That afternoon, the 32-year-old was so weak that she stayed in bed, hoping to get better. But her mother who had come in to check on her daughter discovered that she was not sleeping, but had become unresponsive and her legs had turned purple. She was rushed to the hospital where she was pronounced dead less than 24 hours after ingesting the food from the restaurant.

Our investigation revealed this restaurant had a history of code violations, including several critical violations at the time of the incident which caused the woman’s death. Among those violations:

  • Bare hand contact of ready-to-eat food by employees
  • Handle food preparation without washing hands;
  • Hazardous food cold held at greater than 41 degrees Fahrenheit;
  • Hazardous food held under time without time marking indicating 4-hour limit;
  • Observed interior of microwave soiled;
  • Ready-to-eat food held more than 24 hours with not properly date marked;
  • Food not held at 135 degrees Fahrenheit or above;
  • Handle sanitizing towel with gloves on and then began preparing other products, but never changed gloves or washed hands.Observed food stored on floor;
  • Food not stored in clean/dry location that is not exposed to splash/dust;
  • Observed heavy food residue inside hand sink;
  • Observed one live roach found on the wall by cook line area;
  • Observed personal care item stored with food;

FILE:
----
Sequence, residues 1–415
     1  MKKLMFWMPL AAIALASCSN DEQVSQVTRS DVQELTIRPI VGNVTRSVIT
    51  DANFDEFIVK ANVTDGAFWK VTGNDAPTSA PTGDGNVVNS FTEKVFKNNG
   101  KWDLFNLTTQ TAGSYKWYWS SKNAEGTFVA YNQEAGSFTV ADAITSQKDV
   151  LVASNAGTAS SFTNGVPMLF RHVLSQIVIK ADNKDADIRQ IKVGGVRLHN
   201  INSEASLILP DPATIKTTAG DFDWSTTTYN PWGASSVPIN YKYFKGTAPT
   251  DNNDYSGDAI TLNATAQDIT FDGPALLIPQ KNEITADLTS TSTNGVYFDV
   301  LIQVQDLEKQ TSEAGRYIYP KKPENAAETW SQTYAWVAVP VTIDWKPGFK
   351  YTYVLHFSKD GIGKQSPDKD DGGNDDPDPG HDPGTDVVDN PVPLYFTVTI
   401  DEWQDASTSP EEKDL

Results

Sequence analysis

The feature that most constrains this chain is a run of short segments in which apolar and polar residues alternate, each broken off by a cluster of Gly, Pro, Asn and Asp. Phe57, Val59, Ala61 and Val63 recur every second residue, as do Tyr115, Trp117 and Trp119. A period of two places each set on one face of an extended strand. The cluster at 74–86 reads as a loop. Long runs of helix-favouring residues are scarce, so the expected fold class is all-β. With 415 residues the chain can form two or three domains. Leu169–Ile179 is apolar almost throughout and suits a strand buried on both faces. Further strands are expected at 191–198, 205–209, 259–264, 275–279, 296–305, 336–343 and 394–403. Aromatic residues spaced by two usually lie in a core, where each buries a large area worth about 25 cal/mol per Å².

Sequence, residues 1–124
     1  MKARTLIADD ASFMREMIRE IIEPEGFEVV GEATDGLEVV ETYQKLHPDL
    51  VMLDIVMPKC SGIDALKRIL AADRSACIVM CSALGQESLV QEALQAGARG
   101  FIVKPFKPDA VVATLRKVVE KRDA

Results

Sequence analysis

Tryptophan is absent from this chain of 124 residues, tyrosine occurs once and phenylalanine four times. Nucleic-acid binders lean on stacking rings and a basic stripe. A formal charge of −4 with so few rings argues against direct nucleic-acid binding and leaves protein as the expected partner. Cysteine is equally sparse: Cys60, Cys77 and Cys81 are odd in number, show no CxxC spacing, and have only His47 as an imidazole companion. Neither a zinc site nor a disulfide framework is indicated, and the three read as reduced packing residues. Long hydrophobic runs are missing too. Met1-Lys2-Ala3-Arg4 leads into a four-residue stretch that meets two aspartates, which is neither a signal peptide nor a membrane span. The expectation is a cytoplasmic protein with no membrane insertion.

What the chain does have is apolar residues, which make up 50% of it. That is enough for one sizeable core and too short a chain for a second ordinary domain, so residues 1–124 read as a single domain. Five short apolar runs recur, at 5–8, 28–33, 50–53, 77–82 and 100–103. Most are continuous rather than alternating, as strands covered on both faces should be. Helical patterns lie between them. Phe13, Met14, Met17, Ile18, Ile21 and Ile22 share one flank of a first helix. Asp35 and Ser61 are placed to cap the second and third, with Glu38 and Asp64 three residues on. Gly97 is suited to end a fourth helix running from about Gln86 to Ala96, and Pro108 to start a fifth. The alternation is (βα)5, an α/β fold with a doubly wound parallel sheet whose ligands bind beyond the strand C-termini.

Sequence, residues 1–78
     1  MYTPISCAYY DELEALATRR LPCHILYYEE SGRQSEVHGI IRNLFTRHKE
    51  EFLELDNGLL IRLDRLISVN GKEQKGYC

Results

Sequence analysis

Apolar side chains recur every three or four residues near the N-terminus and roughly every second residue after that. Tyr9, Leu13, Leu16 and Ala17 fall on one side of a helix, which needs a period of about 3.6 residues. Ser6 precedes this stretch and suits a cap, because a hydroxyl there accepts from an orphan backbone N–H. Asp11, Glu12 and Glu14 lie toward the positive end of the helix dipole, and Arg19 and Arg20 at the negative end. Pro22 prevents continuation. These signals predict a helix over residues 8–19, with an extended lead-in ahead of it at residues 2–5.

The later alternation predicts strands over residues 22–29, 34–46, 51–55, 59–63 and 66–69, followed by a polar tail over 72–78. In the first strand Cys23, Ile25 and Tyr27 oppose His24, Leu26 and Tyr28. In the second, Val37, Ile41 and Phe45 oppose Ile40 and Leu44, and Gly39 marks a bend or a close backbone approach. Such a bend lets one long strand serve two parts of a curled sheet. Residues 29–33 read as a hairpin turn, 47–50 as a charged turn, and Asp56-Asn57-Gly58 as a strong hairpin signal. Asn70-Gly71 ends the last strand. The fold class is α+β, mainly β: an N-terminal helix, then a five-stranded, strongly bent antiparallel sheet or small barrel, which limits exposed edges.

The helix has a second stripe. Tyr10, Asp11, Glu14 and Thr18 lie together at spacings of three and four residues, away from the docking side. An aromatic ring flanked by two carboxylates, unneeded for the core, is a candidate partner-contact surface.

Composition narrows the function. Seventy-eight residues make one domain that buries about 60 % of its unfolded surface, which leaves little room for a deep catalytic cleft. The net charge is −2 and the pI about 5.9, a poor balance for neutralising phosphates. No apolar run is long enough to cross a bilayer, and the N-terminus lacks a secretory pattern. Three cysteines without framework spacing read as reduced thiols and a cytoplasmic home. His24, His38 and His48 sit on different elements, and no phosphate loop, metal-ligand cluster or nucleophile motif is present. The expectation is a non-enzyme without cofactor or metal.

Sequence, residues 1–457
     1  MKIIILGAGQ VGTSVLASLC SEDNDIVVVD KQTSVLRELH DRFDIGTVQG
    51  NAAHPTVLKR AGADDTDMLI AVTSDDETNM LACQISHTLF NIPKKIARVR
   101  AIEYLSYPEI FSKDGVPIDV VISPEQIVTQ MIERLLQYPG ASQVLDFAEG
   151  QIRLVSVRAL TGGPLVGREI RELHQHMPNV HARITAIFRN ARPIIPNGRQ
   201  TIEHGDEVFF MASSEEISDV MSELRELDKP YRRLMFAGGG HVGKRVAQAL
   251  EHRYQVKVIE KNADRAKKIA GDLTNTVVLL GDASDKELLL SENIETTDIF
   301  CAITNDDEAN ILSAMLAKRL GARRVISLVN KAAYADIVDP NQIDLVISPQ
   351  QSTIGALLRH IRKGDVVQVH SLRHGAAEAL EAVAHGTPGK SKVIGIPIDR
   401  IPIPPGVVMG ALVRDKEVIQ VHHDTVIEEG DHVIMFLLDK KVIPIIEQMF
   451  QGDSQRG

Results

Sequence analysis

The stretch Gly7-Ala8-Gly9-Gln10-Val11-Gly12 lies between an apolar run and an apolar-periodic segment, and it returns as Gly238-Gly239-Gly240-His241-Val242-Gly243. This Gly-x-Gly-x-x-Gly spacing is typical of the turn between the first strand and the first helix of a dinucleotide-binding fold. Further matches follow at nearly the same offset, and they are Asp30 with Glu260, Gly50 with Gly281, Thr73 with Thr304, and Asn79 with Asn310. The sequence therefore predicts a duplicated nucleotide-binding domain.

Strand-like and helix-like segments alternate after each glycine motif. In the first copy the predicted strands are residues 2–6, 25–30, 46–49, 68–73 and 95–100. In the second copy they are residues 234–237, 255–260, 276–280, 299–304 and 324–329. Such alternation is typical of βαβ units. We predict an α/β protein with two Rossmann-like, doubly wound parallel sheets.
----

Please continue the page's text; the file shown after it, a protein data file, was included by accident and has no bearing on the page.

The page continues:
• Observed grease accumulated under cooking equipment;
  • Observed food debris accumulated on kitchen floor;
  • Observed wall soiled with accumulated food debris;
  • Observed soil residue in storage containers;
  • Observed food contact surfaces encrusted with grease and/or soil deposits;
  • Observed raw animal food stored over cooked food.
  • Observed raw eggs and raw steaks over cooked foods inside walk-in cooler;
  • Observed raw animal foods not properly separated from each other;
  • Hand washing cleanser lacking at hand washing lavatory;
  • Observed build up of slime in the interior of ice machine;
  • Observed 6 dried looking rodent droppings found in storage room;
  • Observed build-up of slime on soda dispensing nozzles.

The Florida Department of Health conducted an inspection the day after the incident was reported and they shockingly found the restaurant had another 53 violations. Through discovery and a lengthy investigation, it was determined that the popular Mexican restaurant not only had a history of critical violations, but also a history of repeat critical violations, evidence of an out-of-control environment and systemic gross negligence from the owners, to the managers to the employees.

Our food poisoning attorneys were able to reach a confidential settlement with the restaurant and property owner before trial, which will make a difference in the lives of our client’s two young children who no longer have their mother with them.